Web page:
(Haven’t read our review of The Climb: Episode 1 yet? Start here!)
In climbing, your choice of route — the path you commit to ascend up the rock — is critically important. Following your chosen direction with unwavering passion, purpose, and confidence — on the wall and everywhere else — is the overarching theme of the second episode of HBO Max’s reality competition The Climb.
Several of the contestants share that the direction they’ve chosen in life — to make climbing their careers — has been met with skepticism and doubt by family, friends, even themselves, and yet they persist.
When we last left off, ingenue Alice and aging Scot April were competing against each other in the elimination challenge in Mallorca. But April is sent packing after she tumbles off the face into the sea again. Maybe stopping to pose like Atlas for group cheers on the ground wasn’t such a good idea. She leaves with her head held high, though, and in a very healthy frame of mind. She reminds us all that it’s never too late to do the things you love. She’s only in her 50s btw.
After the elimination, the gang heads to their next challenge in Siurana, in the picturesque Catalunya region of Spain. “It’s the holy land,” host Jason Momoa purrs. The medieval mountaintop village is within arms-reach of limestone cliffs considered the hardest sport climbing crags in the world. As host Chris Sharma points out, “If you want to be a top climber, you have to come here…it’s like the North Shore for surfing…it’s the pinnacle of athletic performance.”
Before attempting Siurana’s sculpted pockets and sharp edges, this time with ropes clipped into fixed anchors and belayers to catch their falls, Sharma and co-host Meagan Martin go over video of the contestants’ last climbs to point out their strengths and weakness. But mostly they all blast Deco for quitting too soon. His idol Sharma says he lost respect for him. Ouch.
“It shook me to my bones,” the Brazilian admits. We find out that Deco’s family are all geologists and academics, and when he didn’t follow in their footsteps and become a climber instead, he developed a fear of failing and being criticized. Deco vows to push himself harder in the sport he loves. “I don’t want to be the guy who bails.”
Robyn also shares that her friends and family in Utah raised eyebrows when she decided to coach kid climbers for a living and camp in her car on weekends. “It makes me happy,” she shrugs. Brad, who grew up climbing in nearby Wyoming, laments that everyone worries, “’He’s going to kill himself…[so] it’s nice to be around people in my tribe.”
This Week’s Climb
The main event this week is an iconic, 66-foot-long route called “Boys Don’t Cry” that captures the essence of sport climbing. It has a series of overhangs that are easy to fall from if you can’t reach the pocket. Getting over the crux is a true test of athletic strength and stamina, Sharma explains, and you must know the right spots to rest and take your heart rate down before gassing it again. The danger of a climb like this if that if you fall, you could slam into the wall and break an ankle or worse, which is why your choice of belayer is key.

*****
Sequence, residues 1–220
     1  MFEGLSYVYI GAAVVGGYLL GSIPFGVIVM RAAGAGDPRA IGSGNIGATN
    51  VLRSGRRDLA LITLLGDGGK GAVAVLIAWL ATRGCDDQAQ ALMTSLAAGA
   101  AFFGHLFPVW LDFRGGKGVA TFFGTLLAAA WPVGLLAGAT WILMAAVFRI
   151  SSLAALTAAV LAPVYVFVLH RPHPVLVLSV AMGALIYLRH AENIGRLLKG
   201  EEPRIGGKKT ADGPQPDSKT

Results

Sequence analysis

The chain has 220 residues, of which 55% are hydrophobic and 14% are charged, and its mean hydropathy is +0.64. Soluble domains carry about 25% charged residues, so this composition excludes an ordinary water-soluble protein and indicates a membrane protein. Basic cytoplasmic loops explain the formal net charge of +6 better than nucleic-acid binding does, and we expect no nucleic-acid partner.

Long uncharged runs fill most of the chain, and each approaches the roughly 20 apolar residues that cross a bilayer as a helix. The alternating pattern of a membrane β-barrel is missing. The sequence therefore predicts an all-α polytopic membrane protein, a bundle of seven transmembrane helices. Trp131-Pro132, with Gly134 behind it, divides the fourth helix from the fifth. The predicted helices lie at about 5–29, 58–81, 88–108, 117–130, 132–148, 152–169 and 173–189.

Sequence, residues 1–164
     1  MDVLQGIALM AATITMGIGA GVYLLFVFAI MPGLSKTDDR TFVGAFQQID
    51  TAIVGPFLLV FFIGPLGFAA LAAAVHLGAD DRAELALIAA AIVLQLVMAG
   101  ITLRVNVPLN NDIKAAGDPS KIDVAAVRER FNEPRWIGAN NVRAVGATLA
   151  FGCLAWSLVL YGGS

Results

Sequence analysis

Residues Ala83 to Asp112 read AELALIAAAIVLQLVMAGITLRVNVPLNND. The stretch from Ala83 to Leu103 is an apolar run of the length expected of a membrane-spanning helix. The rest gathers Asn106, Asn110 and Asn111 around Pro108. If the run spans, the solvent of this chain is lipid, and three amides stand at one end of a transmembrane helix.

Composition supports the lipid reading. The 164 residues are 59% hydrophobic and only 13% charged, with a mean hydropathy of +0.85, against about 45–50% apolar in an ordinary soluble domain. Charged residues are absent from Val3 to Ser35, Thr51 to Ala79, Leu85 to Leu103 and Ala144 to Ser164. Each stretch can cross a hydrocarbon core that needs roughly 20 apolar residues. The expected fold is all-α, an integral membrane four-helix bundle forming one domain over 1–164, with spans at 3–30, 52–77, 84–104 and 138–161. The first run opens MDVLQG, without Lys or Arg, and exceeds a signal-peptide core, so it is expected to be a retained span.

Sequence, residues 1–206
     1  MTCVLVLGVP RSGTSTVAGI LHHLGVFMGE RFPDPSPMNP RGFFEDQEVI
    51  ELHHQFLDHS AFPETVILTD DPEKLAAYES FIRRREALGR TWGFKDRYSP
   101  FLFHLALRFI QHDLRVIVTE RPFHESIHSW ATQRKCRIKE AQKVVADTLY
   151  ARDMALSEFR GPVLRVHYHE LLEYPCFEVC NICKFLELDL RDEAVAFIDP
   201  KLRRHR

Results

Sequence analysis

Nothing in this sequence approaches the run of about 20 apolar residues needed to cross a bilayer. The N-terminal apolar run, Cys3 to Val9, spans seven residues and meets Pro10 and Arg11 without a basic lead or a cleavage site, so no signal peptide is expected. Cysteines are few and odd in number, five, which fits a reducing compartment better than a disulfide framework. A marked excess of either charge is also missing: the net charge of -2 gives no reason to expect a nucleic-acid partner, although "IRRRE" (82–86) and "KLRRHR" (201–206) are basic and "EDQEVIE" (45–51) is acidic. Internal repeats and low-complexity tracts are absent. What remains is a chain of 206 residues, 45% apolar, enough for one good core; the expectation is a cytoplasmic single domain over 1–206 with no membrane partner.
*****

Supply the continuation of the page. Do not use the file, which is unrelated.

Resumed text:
Little Cat comes close to peaking, Deco does much better and redeems himself, and Alice’s confidence is on the rise, but this time, the only two climbers to top it are Dom, who shows impressive strength, and “Boy Wonder” Brad, who continues to impress and is charmingly humble. “I got lucky,” he says. Nah, kid, summiting both challenges is pure skill.
Maiza and Mario find themselves in the bottom two and will have to face off in the elimination climb, which has slick rock and small footholds. Precision is key.
Elimination Climb: Mario
Mario calls his older brother for guidance. He talks about how when he was younger, he was aimless and depressed. His father told him, the best goal for a Black man in America is “don’t go to jail, don’t get caught with drugs, and don’t get a girl pregnant out of wedlock.” Mario had checked those boxes, but he was still antsy. He randomly fell into climbing, which at first, he thought was just “white people shit.”
Ultimately, he fell in love with the sport because it pushed him forward in new ways and helped his slay his own dragons. “I would have made really shitty choices. It saved my life in a lot of ways.”
Elimination Climb: Maiza
Maiza has raw power but lacks mental fortitude. She shakes when she has to climb in front of people and second-guesses herself, not helpful when choosing a route on the rock or in life.
Maiza explains that she emigrated to the US from Brazil to escape poverty and now constantly questions if climbing is a “selfish path,” because she needs to make enough money to support her mother.
That lack of decisiveness comes through in her elimination climb — she seems unsure of what to grab onto, her feet move around too much, and she falls almost immediately. She is out of the competition. “I can’t get off the ground in anything,” Maiza laments.
Sharma explains that “the most powerful thing climbers do is reach for that next hold even when it’s terrifying.” There are always going to be new routes to try. The lesson of episode two seems to be, do you trust your gut to take you in the right direction?